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· Culture · · T. Filomena Abreu · P. Rights Reserved

Bordal – Embroidery from Madeira

A tradition, stitch by stitch

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From these hands, sometimes younger and sometimes more wrinkled, comes the acclaimed Madeira embroidery. The fingers are the tradition’s true owners. With perfection and meticulousness, they embroider for hours, days, weeks and months, if necessary. There are pieces that require years of work. The history of Madeira embroidery starts at the beginning of the settlement of the island, in the 15th Century, by the hands of noblewomen, as a means of decorating household linen and family clothing. But the fame only came in 1850. In that year, an exhibition of Madeiran industries was organised at the Palace of São Lourenço, where the economic potential of this art became evident. At the time, British interest in the exhibition was such that Madeira received an invitation to be present at the Great Exhibition, in London, the following year. After that, everything changed. There was extreme praise for the purity and artistic perfection of the pieces and it wasn’t long before it spread to Germany. In the 19th Century, Madeira embroidery had already reached the markets of Italy, the United States, South America and Australia. These were followed by Singapore, the Netherlands, France and Brazil. 
Nowadays, the prestige of Madeira embroidery is unquestionable. But, unfortunately, the labour force has been decreasing. If in the 1980s there were more than 30,000 embroiderers throughout the autonomous region, the last official data revealed the existence of only 1500 working embroiderers. Of these, we know that 400 work for Bordal, the factory and shop that produces and commercialises the renowned embroidery. «Our embroiderers work in their homes, where they divide their domestic, agriculture and embroidery work», owner and promoter Susana Vacas tells us. 

«Our embroidery is unique! I've never seen anything so well done and so perfect»

In the factory, in the centre of Funchal, the remainder of the whole process can be found. Before reaching the hands of the final consumer, each piece has its own story. It all begins with the designer’s inspiration, who draws up the designs on tracing paper. This is then passed on to the ‘pinker’ who, as the profession indicates, cuts out the perforations for the whole design. This is followed by the stamping, which consists of passing a sponge with special blue ink over the paper, which marks the areas on the fabric that are to be embroidered. Then, the fabric is prepared and sent to the embroiderer. Once completed, the piece returns to the factory, where the work is checked, trimmed, washed and ironed. Only at the end is the embroidery ready to be certified and sold, in the regional market or exported. A process that continues to be done, in all its steps and phases, in the same way as it has been done for a hundred years.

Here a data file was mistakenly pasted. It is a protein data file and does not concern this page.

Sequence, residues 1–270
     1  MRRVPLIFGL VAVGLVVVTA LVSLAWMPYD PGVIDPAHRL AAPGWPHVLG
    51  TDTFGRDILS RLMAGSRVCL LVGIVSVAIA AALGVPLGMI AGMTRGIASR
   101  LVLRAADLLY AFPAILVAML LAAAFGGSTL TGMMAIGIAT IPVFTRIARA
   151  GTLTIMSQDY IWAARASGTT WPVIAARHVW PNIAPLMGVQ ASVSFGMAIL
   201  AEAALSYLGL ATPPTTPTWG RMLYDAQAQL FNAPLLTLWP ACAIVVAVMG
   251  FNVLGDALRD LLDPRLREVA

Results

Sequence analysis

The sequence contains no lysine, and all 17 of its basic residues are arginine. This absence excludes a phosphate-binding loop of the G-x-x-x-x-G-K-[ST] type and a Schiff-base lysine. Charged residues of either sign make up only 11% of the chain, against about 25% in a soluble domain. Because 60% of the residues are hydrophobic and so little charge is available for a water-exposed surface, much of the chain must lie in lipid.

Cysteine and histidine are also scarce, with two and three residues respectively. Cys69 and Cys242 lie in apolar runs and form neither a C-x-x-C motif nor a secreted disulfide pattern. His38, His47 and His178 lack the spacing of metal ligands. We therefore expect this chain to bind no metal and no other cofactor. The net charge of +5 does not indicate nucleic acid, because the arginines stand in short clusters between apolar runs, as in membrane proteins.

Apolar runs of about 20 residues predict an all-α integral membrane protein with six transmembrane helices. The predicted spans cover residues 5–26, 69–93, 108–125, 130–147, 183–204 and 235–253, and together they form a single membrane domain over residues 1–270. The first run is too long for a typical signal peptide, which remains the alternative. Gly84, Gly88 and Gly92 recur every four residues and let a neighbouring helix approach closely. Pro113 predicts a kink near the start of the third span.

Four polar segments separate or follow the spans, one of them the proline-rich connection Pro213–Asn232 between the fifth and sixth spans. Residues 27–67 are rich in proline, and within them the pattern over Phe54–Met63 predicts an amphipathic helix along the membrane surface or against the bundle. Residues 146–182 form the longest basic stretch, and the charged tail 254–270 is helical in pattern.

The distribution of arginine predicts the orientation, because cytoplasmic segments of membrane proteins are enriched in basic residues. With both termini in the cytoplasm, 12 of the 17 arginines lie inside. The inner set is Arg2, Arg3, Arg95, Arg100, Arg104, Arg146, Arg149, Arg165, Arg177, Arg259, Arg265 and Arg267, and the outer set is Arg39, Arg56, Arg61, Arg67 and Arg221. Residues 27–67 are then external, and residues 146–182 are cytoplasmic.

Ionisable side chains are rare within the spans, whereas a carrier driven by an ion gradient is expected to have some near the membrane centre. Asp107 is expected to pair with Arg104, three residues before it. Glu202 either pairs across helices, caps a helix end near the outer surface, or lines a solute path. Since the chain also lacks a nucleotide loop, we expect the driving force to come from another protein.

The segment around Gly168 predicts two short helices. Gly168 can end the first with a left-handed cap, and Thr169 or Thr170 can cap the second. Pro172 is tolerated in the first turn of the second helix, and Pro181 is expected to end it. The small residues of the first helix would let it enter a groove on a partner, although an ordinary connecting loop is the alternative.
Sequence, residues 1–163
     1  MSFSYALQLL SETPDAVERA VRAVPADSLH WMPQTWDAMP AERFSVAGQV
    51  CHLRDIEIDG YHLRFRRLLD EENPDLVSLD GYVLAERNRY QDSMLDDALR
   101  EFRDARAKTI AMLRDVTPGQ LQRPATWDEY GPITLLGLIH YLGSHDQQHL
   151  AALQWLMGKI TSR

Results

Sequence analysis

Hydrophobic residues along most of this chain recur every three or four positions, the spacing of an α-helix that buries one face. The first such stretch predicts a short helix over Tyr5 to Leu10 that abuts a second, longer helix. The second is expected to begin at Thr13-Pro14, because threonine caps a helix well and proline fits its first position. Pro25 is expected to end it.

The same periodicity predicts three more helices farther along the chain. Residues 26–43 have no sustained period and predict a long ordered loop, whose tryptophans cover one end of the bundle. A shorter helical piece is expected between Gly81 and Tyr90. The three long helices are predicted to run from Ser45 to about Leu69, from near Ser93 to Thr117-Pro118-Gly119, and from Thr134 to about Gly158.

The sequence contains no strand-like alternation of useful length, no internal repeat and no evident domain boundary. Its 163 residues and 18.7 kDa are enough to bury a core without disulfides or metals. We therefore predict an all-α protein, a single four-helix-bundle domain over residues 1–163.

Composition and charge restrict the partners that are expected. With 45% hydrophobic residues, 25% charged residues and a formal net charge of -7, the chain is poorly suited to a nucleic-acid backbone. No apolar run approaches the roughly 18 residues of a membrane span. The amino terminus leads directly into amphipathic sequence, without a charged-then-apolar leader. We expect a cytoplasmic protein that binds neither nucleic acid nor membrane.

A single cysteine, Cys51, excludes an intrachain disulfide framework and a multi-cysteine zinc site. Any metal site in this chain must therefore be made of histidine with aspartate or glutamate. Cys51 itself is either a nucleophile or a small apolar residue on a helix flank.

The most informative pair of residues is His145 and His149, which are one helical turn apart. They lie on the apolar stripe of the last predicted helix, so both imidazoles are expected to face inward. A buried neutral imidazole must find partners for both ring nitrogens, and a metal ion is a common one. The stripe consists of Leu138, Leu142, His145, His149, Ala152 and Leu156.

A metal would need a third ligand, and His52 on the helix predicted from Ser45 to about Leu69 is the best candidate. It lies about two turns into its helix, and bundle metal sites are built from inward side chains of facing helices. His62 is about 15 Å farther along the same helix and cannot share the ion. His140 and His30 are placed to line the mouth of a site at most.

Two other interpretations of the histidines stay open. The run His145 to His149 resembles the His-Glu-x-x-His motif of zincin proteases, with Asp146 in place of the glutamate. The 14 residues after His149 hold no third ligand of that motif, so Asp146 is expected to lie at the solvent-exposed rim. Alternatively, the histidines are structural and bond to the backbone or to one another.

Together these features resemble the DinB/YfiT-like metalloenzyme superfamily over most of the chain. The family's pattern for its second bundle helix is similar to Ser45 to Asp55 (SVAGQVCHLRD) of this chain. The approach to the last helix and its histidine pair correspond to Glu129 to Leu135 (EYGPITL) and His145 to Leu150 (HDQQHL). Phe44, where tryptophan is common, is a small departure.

When she joined Bordal, Susana didn’t really understand the fascination that the Madeiran art aroused in people. Only when she started going to the best textile fairs in the world did she understand: «Our embroidery is unique! I’ve never seen anything so well done and so perfect. Our pieces pass from generation to generation. At Bordal, where we have an embroidery laundry service, we receive pieces that are sometimes over a hundred years old and still in perfect condition. If it wasn't perfect embroidery, it could never have remained in this state for so many years», she assures us. This is why she always says that «a piece of Madeira embroidery is an investment».
Since opening in 1962, Bordal, which specialises in tableware, bed linen, bath linen, baby linen, among other market segments, using materials such as cotton, linen or organza, has worked with designers and haute couture houses, «for 15 years, with Dior Home. We mainly sold place mats and napkins. And we did a project with Chanel for the 2005 summer collection. There were 13 models of blouses, of which 11 were embroidered with our designs and two with those of the Chanel museum,» Susana Vacas proudly recalls. To date, the most expensive piece made at Bordal was a 19-metre tablecloth, commissioned by a princess from Abu Dhabi, which cost €45,000. «It took us three years to make and it needed several embroiderers.»
To preserve the heritage of Madeira embroidery, Bordal has planned training courses in this area for next year, through Garanito - Association for the Defence and Preservation of Madeira Embroidery. After all, as it has already been said, fingers are the true owners of this tradition.
T. Filomena Abreu
P. Rights Reserved
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